A recent conversation with the owner of a growing business yet again emphasized how critical it is to get your branding and trademarks established as early as possible.
The Coca-Cola logo is an example of a widely-recognized trademark representing a global brand. (Photo credit: Wikipedia)
Why? Because you don’t want to be a going concern, with unsecured branding and trademarks, only to have another company come calling to advise that they have the same or similar trademarks that predate your use. Or even unsecured marks that may cause confusion in the marketplace.
This is why we see “nonsense” names in commerce, like a cable company’s “Xfinity” brand. It’s a made up word, so least likely to have anything out there that predated the cable company’s use, or that is otherwise a registered trademark.
The following are a few best practices that business owners should treat as commandments.
1. Before you even begin business, settle on your company name – by first searching for relevant use or competition for that name. And the same goes for product names, slogans, and the like.
A search of state secretary of state databases, the copyright and trademark databases, and the internet in general will easily reveal any obvious prior users of the same or like names, product names, slogans, or other identifiers that you may want to use for your product, but which you should perhaps not – if there is a prior user.
Just because someone else is using the same or a similar term doesn’t necessarily make it off limits to you. But you should make an informed decision to press forward if there is a prior user. And often that informed decision should involve legal advice.
2. As you make the informed decision to use a particular company name, product name, slogan, etc., get the appropriate legal help to protect those soon-to-be company assets.
Make no mistake – your company name, product names, slogans, perhaps product shape or design, etc. — anything that identifies and differentiates your company and products from others — those are your assets!
Failing to protect them with appropriate state and federal trademark filings, and/or perhaps copyright filings, may allow competitors to use what you believe are your assets. Or worse, you may have to change your company name, product names, slogans, etc., and you may have to do so AFTER you have built up a positive reputation in the marketplace. To a great extent you may be forced to start over in building your brand because you didn’t invest in protecting the words and concepts that make up your brand, or differentiate your products from other.
A further reason to invest in formal registration of appropriate intellectual property is the benefit of “statutory damages.”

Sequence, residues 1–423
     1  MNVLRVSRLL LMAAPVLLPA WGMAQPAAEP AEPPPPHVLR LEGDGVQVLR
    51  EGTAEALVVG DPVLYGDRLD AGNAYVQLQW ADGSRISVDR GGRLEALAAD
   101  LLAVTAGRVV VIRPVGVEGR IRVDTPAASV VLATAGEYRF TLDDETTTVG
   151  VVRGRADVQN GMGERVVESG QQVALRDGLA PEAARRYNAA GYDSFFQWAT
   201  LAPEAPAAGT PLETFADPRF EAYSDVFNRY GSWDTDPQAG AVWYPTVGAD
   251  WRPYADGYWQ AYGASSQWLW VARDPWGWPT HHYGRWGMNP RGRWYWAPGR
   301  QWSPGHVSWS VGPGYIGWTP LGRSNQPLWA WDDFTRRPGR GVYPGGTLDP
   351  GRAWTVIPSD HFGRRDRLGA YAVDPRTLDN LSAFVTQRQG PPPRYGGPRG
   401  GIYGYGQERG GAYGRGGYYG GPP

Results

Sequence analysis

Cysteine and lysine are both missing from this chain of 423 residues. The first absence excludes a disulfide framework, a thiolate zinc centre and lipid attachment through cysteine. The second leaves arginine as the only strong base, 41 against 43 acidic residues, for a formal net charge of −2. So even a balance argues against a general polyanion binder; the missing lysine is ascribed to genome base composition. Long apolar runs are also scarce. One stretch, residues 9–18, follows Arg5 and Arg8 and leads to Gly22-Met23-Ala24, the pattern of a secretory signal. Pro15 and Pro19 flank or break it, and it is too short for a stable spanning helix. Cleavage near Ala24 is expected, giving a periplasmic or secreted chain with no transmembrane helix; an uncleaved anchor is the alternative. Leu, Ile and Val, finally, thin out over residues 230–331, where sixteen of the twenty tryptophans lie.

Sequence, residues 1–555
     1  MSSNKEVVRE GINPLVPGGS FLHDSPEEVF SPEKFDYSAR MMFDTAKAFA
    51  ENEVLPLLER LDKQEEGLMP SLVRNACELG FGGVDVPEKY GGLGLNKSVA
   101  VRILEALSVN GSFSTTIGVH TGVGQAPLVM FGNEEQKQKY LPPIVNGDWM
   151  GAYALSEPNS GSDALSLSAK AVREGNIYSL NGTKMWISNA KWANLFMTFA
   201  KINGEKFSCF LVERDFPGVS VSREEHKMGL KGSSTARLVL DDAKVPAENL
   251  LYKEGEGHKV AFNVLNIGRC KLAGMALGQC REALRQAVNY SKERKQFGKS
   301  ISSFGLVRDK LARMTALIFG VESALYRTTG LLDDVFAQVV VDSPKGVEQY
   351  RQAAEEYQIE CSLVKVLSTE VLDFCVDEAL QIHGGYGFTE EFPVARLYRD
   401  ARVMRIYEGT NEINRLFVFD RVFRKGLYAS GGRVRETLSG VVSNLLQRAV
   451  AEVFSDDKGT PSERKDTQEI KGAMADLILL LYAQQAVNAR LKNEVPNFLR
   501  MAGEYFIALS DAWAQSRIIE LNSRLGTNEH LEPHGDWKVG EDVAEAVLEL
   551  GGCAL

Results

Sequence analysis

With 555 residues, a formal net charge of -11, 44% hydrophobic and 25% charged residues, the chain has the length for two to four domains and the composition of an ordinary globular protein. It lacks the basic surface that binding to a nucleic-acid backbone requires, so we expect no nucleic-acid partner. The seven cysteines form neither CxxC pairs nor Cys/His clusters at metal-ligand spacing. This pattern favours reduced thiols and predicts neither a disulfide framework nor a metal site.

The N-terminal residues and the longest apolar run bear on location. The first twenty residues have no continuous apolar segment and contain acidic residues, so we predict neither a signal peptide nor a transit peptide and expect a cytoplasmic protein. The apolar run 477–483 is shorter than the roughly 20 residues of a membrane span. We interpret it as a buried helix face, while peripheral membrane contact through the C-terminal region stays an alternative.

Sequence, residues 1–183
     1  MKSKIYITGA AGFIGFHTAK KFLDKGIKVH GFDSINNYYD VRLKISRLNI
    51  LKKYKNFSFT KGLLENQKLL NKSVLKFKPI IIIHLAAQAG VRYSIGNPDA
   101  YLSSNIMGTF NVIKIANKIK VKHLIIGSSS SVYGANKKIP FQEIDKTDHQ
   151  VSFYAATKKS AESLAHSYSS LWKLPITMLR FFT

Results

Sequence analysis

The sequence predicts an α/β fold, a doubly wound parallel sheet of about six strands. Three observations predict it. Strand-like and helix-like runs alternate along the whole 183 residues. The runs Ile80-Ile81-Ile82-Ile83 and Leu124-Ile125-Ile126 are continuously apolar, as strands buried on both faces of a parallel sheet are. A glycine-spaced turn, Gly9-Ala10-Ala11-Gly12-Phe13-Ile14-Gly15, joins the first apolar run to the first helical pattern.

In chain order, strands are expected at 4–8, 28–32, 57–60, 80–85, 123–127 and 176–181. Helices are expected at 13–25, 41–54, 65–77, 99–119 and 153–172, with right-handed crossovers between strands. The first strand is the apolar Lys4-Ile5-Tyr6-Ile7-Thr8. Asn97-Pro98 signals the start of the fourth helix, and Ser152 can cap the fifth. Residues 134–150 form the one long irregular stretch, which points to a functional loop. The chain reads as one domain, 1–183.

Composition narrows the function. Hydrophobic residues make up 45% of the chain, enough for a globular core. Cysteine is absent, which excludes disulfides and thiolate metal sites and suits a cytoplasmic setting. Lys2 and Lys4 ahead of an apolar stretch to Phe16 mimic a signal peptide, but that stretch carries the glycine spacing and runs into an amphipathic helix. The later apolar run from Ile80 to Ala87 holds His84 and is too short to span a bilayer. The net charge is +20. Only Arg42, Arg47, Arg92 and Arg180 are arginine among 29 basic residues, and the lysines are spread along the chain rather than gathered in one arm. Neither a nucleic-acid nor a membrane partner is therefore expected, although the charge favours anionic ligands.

Without formally filing trademarks or copyright protectable materials, if another party infringes, you will have to prove actual damages caused by the infringement – what you have financially lost, and what they have financially gained, as the direct result of the infringement. That may be difficult if not impossible to prove.
But after proper registration of protectable materials, you become entitled to statutory damages in the event of infringement – that is, damage minimums set by law. So if proving actual damages is too difficult or impossible, you still have the option of recovering statutory damages, and often costs and attorney’s fees as well.
And with the statutory right to, at the least, statutory damages, costs and attorney’s fees, your demands to others to “cease and desist” the improper use of your registered marks and property takes on a greater weight and authority. You’ve got the “whip hand” and they know it.
3. Budget the legal and administrative expenses to get the appropriate trademark and/or copyright filings, and patent filings if needed, into your initial business plan, fund raising plan, etc.
Of course, no one likes paying lawyers and filing fees when there is so much other important work to be done, other expenses that appear to be more necessary or important, etc.
And people are often tempted to try these filings themselves, at a “DIY” cost instead of with legal fees factored in. That’s fine if they get it right. But a complete waste of the DIY money if they get it wrong – and resulting in none of the intended protections.
I often hear the lament from business owners that the money they thought they were “saving” at the outset – by not hiring an attorney to do the appropriate trademark, copyright, or patent filings, ends up being some of the most EXPENSIVE money they so wish they had invested.
These are your company’s identifying assets. Treat them like the critical elements that they are.